Health Inequity Because of My Race?

Dr. Kevins JenkinsHave you ever felt like your race effected the type of treatment you received from your health care provider? On October 18th, 2016, Nazareth College welcomed guest speaker Dr. Kevin Ahmaad Jenkins to discuss his project “Hue Process: The Quantitative Measurement of Racism in Medicine”. His work explores race as a social problem, discrimination, and the consequences of racism on health and health care.

Two-time national journalism award winner, author and motivational speaker, Dr. Jenkins currently serves as Vice Provost’s Postdoctoral Fellow and professor at the University of Pennsylvania. He invests a lot into researching the correlation of health disparities and the impact of race and law within medical practices through the Critical Race Theory.

Many people shy away from talking about racism but, Dr. Jenkins has fully devoted himself to evoking these conversations that decode how we deal with the social construction of race. Dr. Jenkins was very personable with the audience as he diverged into #Race Talk as he called it. He warned the crowd in the beginning that we might not like everything that he says but he must “keep it real”.

The talk took off pretty quickly as Dr. Jenkins illustrated how often times medicine assumes race as an identifier and each time fails to address whats driving these issues. In the medical world  we are faced with a systemic problem of inequity when it comes to health care. Arguable, many professionals publish work that cannot correctly approach research on health disparities because “we don’t talk enough about problems with race and ethnicity to formulate the right questions”. This is where assumptions come in.

How do we go about  interpreting the ideas of race and racism? What are the dimensions of race that actually mean something?  Does race even matter?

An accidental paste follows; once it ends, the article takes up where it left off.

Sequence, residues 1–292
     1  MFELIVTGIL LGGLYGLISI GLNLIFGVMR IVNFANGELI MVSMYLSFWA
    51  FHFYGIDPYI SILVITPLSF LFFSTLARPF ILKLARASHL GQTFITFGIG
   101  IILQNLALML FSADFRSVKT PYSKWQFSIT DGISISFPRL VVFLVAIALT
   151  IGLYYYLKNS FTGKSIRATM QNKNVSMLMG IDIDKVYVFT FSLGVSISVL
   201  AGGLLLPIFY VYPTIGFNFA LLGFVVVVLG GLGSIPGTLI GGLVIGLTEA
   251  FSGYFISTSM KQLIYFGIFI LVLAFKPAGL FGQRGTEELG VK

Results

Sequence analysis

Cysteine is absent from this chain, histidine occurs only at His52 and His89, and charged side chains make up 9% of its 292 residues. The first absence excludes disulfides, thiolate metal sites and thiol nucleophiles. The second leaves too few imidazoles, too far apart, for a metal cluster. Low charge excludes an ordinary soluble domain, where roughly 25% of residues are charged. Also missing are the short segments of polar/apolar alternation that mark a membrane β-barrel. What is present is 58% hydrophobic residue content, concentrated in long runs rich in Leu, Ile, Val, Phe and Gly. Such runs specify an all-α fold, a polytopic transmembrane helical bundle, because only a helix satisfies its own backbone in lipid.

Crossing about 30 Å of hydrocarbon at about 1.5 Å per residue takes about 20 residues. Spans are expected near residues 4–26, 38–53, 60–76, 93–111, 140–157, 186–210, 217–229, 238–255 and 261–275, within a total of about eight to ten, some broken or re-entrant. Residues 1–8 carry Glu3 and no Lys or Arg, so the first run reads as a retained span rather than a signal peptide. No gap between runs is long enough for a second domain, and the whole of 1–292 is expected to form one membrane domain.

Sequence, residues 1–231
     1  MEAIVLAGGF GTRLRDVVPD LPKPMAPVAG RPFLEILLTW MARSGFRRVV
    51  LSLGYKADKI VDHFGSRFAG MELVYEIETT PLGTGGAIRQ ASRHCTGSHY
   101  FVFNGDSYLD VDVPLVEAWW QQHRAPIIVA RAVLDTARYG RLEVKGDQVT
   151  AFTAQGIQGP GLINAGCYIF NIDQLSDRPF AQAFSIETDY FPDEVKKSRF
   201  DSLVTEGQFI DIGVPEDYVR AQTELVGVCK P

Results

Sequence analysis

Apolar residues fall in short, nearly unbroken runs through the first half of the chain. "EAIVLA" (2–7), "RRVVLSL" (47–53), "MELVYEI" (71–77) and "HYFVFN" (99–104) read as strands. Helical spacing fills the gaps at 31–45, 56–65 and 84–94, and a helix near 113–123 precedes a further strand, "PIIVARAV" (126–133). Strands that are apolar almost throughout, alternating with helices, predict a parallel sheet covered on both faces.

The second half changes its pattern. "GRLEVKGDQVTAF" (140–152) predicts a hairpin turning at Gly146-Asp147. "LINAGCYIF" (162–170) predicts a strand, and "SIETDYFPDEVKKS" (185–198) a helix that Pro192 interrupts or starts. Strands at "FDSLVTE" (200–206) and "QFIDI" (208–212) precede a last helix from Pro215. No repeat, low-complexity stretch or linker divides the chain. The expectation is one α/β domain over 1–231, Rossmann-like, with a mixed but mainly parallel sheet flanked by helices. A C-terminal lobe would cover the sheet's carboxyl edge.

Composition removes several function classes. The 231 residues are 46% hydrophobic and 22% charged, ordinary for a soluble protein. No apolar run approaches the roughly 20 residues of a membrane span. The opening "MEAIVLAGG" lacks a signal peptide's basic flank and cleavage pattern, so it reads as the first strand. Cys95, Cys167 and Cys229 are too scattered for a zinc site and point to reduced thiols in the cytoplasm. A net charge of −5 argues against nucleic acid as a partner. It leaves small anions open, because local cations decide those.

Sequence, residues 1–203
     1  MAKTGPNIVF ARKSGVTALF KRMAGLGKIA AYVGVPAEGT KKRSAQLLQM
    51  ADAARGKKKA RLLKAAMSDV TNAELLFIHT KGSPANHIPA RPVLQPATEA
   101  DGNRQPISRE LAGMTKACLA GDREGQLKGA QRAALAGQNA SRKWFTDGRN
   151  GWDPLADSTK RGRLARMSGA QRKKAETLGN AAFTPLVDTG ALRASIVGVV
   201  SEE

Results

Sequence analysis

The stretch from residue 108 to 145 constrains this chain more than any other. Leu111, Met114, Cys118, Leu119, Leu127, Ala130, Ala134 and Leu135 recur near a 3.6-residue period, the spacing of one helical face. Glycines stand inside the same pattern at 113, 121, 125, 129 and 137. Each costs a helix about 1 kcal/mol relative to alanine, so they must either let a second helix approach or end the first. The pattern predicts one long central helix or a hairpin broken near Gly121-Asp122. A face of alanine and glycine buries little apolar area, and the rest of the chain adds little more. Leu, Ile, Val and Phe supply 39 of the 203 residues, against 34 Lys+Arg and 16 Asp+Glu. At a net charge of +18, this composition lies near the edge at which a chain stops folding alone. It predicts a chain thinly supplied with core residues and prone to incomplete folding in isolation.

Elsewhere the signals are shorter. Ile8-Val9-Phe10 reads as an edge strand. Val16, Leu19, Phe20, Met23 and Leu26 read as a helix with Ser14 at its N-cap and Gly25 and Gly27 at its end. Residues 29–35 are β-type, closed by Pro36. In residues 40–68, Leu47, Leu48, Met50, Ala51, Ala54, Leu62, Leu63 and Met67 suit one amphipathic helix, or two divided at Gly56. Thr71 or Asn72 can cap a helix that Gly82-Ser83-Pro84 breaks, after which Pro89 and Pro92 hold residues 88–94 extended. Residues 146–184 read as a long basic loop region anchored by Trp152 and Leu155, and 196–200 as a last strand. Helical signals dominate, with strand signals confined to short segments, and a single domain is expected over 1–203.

Jenkins made it clear that the idea of health inequity is much larger than what we would like to understand. His project is centered around introducing frame-work of “positing a theoretical strategy for conceptual and statistical measurement” of race, racism and power of interactions between health care provider and patient. The ultimate goal for Dr. Jenkins is for us to take strides towards retooling statistical measures within medicine.

I believe that Dr.Jenkins did a phenomenal job with gathering this information he presented to express a critical issue that, ironically, impacts many  but doesn’t get much attention. I personally haven’t been victim of mistreatment from a health care provider; to my knowledge I must add. You see, Dr. Jenkins expressed the concept of Power of doctor to patient. A care provider doesn’t have to explicitly mistreat you; they can simply utilize their power to not give you the correct treatment that your need. Doctors are trusted beings who, in a very extreme context, have our lives in the palm of their hands. I can only imagine how many people are unknowingly deprived of proper treatment based off of their race or ethnicity.

After hearing Dr. Jenkins speak, I began to ponder more on the influential extent that race plays in our society and our lives overall. Dr. Jenkins is currently working on two other book projects along with Hue Process: The Quantitative Measurement of Racism in Medicine which are, Refund My Freedom: How the Law Created Health Inequity in the Black Community, and Branding Jezebel: Black Women, Law, and Medicine in Antebellum America. I encourage all to stay for what he has in store!




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